Bremerhaven’s Überseehafen as a model district for 100 per cent renewable energy supply
The vision of a carbon-neutral port is taking shape – and the key to making this vision become reality is SHARC.
SHARC is the acronym for a research project rolled out by various partners at the start of this year: Siemens AG, the German Research Center for Artificial Intelligence (DFKI), Technische Universität Berlin and the Institute for Recycling at Bremen University of Applied Sciences are working on the development of “Smart Concepts for Sustainable Energy in Ports”, under the overall coordination of bremenports.
The Senator for Science and Ports, Claudia Schilling, rates the project as highly significant: “Bremen’s coalition government is determined to make fast progress in its quest to achieve port sustainability. SHARC can play a major role in achieving climate neutrality at the ports within the foreseeable future, thus making the ports a role model for other sectors of the economy.”
The following are just some of the issues tackled by the project:
What contribution can a port make towards achieving the transition to renewable energy in the transport sector?
How can we reduce energy consumption and integrate renewable sources of energy?
What energy storage capacities are required for a complete transition to renewable energy?
The researchers are currently conducting a comprehensive study of the energy consumption at Bremerhaven’s Überseehafen in order to obtain reliable answers to these complex questions. The study examines the public infrastructure managed by bremenports. To ensure a successful outcome, it is essential that the terminal operators are also involved in the project.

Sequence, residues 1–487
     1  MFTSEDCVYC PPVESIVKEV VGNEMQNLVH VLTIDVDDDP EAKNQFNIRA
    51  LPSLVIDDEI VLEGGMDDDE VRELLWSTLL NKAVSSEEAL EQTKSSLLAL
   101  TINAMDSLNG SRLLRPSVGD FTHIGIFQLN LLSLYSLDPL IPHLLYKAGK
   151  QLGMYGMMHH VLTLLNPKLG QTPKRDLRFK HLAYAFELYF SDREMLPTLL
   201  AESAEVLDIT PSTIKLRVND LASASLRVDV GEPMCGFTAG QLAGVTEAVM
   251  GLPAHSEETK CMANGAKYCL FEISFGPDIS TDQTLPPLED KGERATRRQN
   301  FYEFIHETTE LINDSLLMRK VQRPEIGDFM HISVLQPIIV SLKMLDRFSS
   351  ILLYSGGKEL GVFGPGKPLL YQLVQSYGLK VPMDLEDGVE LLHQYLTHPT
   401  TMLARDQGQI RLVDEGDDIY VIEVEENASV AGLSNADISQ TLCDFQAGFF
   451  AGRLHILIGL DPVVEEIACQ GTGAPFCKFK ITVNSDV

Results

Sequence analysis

bremenports Managing Director Robert Howe praised the commitment of the participating enterprises: “Climate neutrality is a central task facing all European ports. As part of our greenports strategy, we are determined to defend our leading position in Europe in this field. It is satisfying to see that this commitment unites everyone involved in the activities at the port.”
The data for the study comes from BLG Auto Terminal, Eurogate Container Terminal, Eurogate Technical Services and the large cold store operated by BLG Kloosterboer. The above list indicates the vast quantity of data needed to ensure a qualified analysis. The study examines issues such as optimising energy consumption by the terminal railway, energy supply to the buildings, lighting at the ports, the drive systems of the cranes and straddle carriers, as well as options for the supply of electricity for handling ships at the port.
The project description states the objective as follows: “The project will simulate future scenarios in order to derive an investment concept for the interaction between different stakeholders in the port district, preparing the port district for the planned sustainable development in respect of energy technology and logistics.”
In order to achieve this objective, data is currently being collected for the Überseehafen district to serve as a basis for the development of various scenarios for the gradual transition of energy supply at the port to renewable energy sources. However, the project is designed as much more than a mere analysis and description. Specific investment plans and business models, for instance, are to be drawn up as part of the project by autumn of next year. The project also investigates which investments in renewable energy sources are needed to achieve the target of carbon-neutral port infrastructure.
Following the successful completion of the project at the end of next year, a decision will be reached on the specific investments with which the target of a carbon-neutral port can be achieved. Further applications for funding can then be submitted.
The project is supported by the Federal Ministry for Economic Affairs and Energy as part of the 7th Energy Research Programme entitled “Innovations for the Energy Transition”.